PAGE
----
Wildlife Management

Set Up a QDM Cooperative: Steps 1, 2 and 3

Quality Deer Management (QDM) cooperatives with your neighbors could be your best bet for seeing and harvesting more mature bucks on your hunting land. While organizing one can seem like a daunting task, the benefits far outweigh the toil. More and more co-ops are popping up around the country and the statistics show they are having a huge impact on the quality of hunting experience for those involved. Below is a roadmap on how to start QDM cooperative with your neighbors.

Understand What a QDM Cooperative Means

A QDM Cooperative is a group of like-minded conservationists pooling together their acreage and managing the land for a better hunting experience. It’s not a hunting club where land access is shared among the landowners. Fence lines still matter in terms of access. The central goal is that everyone works together by passing on young bucks, improving habitat, deterring poachers and more.

Make sure you and your neighbors understand that a QDM co-op is all about the "greater good" of whitetails in the area. Some co-ops are formalized with by-laws and officers, others are more informal and based on handshakes and mutual understanding. Either way, honesty and trust are essential for success.

Get To Know Your Neighbors and Gauge Their Interest

Assuming your neighbors will not be interested is a guarantee your endeavor will never get off the ground. Perhaps they’re not, but you will never know if you make don’t make a phone call or drop by for a chat. Start with the adjoining properties and keep expanding. Both trophy hunters and meat hunters have the same agenda - harvest more mature deer. Even if you get the cold shoulder from a neighboring landowner, tell him/her you are organizing an informal meeting to discuss the matter further and you would love it if they could attend.

Meet as a Group

Set up a "get together" at someone's house, a restaurant, park or a place where (hopefully) everyone will feel comfortable. Call, email or drop an invitation in the mail with the particulars. Explain that the meeting is very informal and more of a discovery session where the group can bring their observations, concerns and questions about the QDM program. When the meeting begins, go around the room and ask questions openly about everyone's hunting goals. Find out things like:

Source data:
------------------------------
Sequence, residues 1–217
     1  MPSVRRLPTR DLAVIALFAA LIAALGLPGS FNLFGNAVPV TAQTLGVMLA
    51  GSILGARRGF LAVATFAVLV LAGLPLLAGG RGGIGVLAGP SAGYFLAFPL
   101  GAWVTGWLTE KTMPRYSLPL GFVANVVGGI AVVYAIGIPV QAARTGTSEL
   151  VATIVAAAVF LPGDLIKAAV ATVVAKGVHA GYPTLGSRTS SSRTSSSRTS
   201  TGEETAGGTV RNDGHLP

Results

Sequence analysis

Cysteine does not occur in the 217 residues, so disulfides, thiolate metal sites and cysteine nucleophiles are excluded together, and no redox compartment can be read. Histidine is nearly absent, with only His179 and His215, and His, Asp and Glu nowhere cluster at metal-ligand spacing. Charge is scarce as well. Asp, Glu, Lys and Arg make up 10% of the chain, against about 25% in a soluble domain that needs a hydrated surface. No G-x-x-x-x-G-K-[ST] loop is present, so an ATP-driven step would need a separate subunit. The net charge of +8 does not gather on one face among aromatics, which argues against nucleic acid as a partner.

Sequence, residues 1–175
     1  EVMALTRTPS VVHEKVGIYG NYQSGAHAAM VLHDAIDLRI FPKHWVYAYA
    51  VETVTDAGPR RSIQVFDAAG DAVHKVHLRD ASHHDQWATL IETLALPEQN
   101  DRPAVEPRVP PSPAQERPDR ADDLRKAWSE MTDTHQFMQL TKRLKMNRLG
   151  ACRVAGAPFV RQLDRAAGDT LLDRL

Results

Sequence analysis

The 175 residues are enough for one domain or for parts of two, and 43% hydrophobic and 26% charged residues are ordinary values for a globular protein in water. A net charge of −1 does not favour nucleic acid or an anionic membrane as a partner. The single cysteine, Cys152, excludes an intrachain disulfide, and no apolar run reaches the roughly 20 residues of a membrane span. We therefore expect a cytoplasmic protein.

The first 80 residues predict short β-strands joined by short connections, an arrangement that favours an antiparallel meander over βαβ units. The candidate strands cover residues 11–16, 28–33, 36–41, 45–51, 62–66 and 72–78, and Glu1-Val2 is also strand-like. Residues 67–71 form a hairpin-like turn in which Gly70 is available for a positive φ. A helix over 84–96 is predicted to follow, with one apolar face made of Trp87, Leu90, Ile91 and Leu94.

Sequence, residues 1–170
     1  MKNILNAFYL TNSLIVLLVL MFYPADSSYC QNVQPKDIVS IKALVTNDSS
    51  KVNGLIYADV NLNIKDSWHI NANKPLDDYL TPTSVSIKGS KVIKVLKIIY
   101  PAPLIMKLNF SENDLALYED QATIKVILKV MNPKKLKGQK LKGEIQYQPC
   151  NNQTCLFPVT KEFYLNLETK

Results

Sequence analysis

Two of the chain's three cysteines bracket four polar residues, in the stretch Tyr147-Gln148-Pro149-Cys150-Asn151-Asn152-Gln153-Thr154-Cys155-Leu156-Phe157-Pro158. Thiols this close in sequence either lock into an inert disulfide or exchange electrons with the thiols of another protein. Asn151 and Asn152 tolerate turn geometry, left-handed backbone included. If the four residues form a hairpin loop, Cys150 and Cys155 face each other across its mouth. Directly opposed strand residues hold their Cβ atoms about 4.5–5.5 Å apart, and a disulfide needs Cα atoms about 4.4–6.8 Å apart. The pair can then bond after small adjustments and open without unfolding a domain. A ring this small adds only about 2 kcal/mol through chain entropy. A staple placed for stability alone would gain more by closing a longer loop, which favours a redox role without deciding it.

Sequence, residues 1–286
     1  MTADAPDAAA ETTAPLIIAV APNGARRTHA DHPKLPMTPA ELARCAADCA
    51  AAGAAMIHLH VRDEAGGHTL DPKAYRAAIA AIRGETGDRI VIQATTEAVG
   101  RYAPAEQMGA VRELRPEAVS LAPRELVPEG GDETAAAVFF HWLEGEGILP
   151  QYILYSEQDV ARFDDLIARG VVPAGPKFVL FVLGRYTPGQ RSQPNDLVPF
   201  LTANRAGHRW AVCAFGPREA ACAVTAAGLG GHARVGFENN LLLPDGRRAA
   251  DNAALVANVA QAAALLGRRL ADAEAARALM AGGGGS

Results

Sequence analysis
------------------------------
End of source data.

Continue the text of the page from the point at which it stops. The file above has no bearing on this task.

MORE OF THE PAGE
• Which hunters in the group are trophy hunters?
  • Which hunters in the group are meat hunters?
  • Which hunters in the group plant food plots or improve habitat for whitetails?
  • Which hunters in the group run trail cameras?
  • Which hunters in the group are actively including youth hunters?

Present research to the group about your area. It could be relevant facts from the latest QDMA Whitetail Report or items published by your state agency such as:

  • Local deer density
  • Buck-to-doe ratio
  • Trends in your state's deer harvest
  • Facts about mature versus immature bucks

Give the group things to think about that show the potential for what your area could become under a management plan. Discuss having a certified wildlife biologist visit the area to help design a plan to which everyone can agree. Involving a biologist can ease concerns among the group, especially those members who are a bit skeptical about the plan. A professional will smooth over any issues or concerns among the group.

Hopefully attendees will be up for a QDM co-op, but be prepared for a few folks to say "no." Remember, the program is strictly voluntary and don't pressure anyone who is not enthusiastic about joining. A successful QDM program will seem more attractive down the road. After the initial meeting, arrange another for those committed to the cause and officially form the cooperative.


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